Behavioral Research Program Crosstalk Symposium 2014
Leveraging Lessons Learned across Behavioral Domains October 30, 2014
The Behavioral Research Program’s “Crosstalk” invited speakers series has traditionally been presented as a monthly lecture series of invited experts in behavioral and social science research. The goal of this series is to engage researchers whose work explicitly translates theory and/or methods from one literature or topic area, such as obesity, to another, such as tobacco cessation. Crosstalk is part of a BRP initiative to expand connections between, and among, behavioral science disciplines and among, behavioral science disciplines - both within our intramural and extramural grant-funded researchers.
The inaugural Crosstalk Symposium 2014: Leveraging Lessons Learned across Behavioral Domains will expand the monthly series by bringing together a group of scientists whose work exemplifies the goals of Crosstalk. Each invited speaker will present their work and the challenges and barriers of working across health domains. During the second day of the conference, participants will take part in a workshop to discuss potential opportunities and/or collaborations.
Past Crosstalk speakers have included:
Leonard Epstein, Ph.D.
Distinguished Professor of Pediatrics and Social and Preventive Medicine, University at Buffalo School of Medicine and Biomedical Sciences
Dr. Epstein’s presentation, “Behavioral Choice Theory and Obesity: From Molecular Genetics to Public Policy” adeptly applied the theory of behavioral economics to public health issues ranging from drug dependence to eating habits. Moreover, he explored these public health issues with a behavioral economic lens from the genetic, physiological, environmental, and behavioral levels. His studies on human eating and physical activity exemplify how the interaction of genetic factors and behavioral phenotypes may influence the motivation to eat. These principles are extended to clinical and prevention research on weight loss in children and connected to the role of environmental changes that favor healthier eating and greater access to physical activity. The studies highlight the importance of integrating basic and clinical research, and the potential for multidisciplinary approaches to improve healthy behaviors.
Caryn Lerman, Ph.D.
Mary W. Calkins Professor of Psychiatry, Deputy Director, Abramson Cancer Center, University of Pennsylvania
Dr. Lerman’s presentation, “Translational Research on Tobacco Dependence Treatment” demonstrated her work on the translation of discoveries in neuroscience, pharmacology, genetics, and behavioral science to develop new treatment approaches for tobacco dependence. Her scientific model bridges biology and behavior to examine the role of genetic variation in risk of smoking relapse and treatment efficacy, and to elucidate the mediating brain mechanisms using novel neuroimaging approaches. She provided specific examples of how preclinical animal models can be used to identify novel treatment targets, and how these findings can be translated to smokers. Her examples highlight transdisciplinary concepts and translational research approaches.
Geoffrey Williams, MD, Ph.D.
Professor of Medicine, Psychiatry and Psychology at the University of Rochester Medical Center
Dr. Williams’ presentation, “Self-Determination Theory (SDT) and Motivating Health Behavior” explores the applications of Self-Determination Theory, the theory of human motivation that assumes humans are oriented toward well-being and personal growth. SDT based interventions have been tested among several health related domains including tobacco dependence treatment, cholesterol, dental health, physical activity, weight loss, and medication adherence. Studies show that the intervention facilitated internalization of autonomy and competence and improved targeted mental and physical health outcomes compared to control groups.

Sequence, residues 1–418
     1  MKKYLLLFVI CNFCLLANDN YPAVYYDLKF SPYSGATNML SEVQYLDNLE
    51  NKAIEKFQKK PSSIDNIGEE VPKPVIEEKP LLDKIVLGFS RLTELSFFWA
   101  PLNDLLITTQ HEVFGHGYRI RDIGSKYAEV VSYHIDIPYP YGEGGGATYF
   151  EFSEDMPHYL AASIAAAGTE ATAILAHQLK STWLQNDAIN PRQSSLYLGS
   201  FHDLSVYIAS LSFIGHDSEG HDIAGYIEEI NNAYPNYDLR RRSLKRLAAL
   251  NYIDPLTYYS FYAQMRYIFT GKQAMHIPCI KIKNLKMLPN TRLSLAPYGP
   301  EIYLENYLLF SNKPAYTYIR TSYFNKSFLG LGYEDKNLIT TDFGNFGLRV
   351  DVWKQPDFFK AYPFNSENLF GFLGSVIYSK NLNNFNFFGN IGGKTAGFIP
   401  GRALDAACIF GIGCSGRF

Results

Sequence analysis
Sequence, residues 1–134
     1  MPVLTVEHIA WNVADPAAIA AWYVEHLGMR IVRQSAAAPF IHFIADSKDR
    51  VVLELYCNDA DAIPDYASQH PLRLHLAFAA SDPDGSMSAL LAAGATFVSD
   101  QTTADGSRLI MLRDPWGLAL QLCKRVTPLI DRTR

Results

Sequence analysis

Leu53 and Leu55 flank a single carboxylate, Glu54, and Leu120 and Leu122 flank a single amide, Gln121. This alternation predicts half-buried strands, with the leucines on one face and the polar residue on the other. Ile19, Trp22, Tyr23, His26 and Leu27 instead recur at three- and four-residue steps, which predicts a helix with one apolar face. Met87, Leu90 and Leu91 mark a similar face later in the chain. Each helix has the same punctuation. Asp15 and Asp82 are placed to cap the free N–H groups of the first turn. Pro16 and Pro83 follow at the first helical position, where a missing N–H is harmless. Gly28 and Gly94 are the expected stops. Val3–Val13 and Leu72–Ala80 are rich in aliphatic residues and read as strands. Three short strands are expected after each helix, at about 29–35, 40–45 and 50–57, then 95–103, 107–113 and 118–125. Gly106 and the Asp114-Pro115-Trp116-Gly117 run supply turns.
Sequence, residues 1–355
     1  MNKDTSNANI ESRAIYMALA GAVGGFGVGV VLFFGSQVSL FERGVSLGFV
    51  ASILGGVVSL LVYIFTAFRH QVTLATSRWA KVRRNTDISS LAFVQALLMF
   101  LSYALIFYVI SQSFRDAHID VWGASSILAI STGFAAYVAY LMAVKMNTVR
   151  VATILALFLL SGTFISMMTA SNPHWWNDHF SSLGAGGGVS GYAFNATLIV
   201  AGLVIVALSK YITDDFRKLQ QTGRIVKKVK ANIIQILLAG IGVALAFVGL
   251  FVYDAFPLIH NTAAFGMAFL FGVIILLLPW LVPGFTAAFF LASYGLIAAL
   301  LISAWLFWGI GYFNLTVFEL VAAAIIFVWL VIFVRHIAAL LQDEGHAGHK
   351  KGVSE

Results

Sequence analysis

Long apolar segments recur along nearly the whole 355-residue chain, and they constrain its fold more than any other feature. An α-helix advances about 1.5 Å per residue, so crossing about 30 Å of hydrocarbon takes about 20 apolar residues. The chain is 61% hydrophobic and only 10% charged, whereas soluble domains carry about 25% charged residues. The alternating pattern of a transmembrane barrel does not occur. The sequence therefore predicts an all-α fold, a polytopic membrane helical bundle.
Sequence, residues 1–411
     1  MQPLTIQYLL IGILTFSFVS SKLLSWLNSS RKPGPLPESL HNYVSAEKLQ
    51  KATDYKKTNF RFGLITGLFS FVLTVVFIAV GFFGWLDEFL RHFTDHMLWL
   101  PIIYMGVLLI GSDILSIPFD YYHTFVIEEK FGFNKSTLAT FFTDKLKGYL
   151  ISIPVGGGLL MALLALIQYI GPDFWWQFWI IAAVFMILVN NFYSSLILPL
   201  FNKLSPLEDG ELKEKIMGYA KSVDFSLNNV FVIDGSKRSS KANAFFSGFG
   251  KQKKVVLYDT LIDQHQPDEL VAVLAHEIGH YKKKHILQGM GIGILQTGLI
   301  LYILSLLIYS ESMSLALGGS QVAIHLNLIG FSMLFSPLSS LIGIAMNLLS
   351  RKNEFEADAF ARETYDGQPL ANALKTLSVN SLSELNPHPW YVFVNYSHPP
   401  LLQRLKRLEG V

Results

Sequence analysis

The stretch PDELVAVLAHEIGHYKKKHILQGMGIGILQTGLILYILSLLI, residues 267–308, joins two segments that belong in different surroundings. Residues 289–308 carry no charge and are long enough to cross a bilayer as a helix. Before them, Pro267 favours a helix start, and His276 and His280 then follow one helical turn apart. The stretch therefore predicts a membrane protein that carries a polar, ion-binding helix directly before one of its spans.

For questions, please contact Emily Grenen at firstname.lastname@example.org.
National Cancer Institute (NCI)
9609 Medical Center Drive
Rockville, MD 20850
To get to NCI Shady Grove via metro, take the Red Line to the Shady Grove stop, which is the terminal station. Information about the Metro transit system, including fares, schedules, and estimated travel times from other stops can be found at http://www.wmata.com/.
A complimentary NIH shuttle provides transportation from the Shady Grove Metro Station to the NCI Shady Grove Building. During commuting times (6:00 – 9:30 a.m. and 3:00 – 7:00 p.m.), service runs every 15 minutes. Between the hours of 9:30 a.m. and 3:00 p.m., there is a shuttle every 30 minutes. The shuttle schedule is available at the following link: http://newcampus.cancer.gov/wp-content/uploads/2013/09/NCI-Shady-Grove-Shuttle-Schedule.pdf
There is also a shuttle that runs from the main lobby of Building 31 on the NIH Main Campus to NCI Shady Grove every thirty minutes between 7:15 a.m. and 6:45 p.m.
A Hotel room block will be reserved at the Gaithersburg Marriott Washingtonian Center. Participants are responsible for their own travel and lodging.
There is also free parking available at NCI Shady Grove-guests are welcome to park in any unmarked spot.
Please note that you will be required to go through NIH security to enter NCI Shady Grove so please bring a government issued photo ID. All persons and belongings will go through a metal detector upon arrival.
Free and open WIFI is available in the NCI building.
Please note that breakfast and coffee/snacks will NOT be provided during the meeting; attendees will be responsible for getting their own meals at their own cost.
There is a cafeteria in the NCI building on the Terrace Level (this link provides more information about the food available in the cafeteria). In addition, there are a number of restaurants and cafés located near NCI Shady Grove.
Please contact Emily Grenen at email@example.com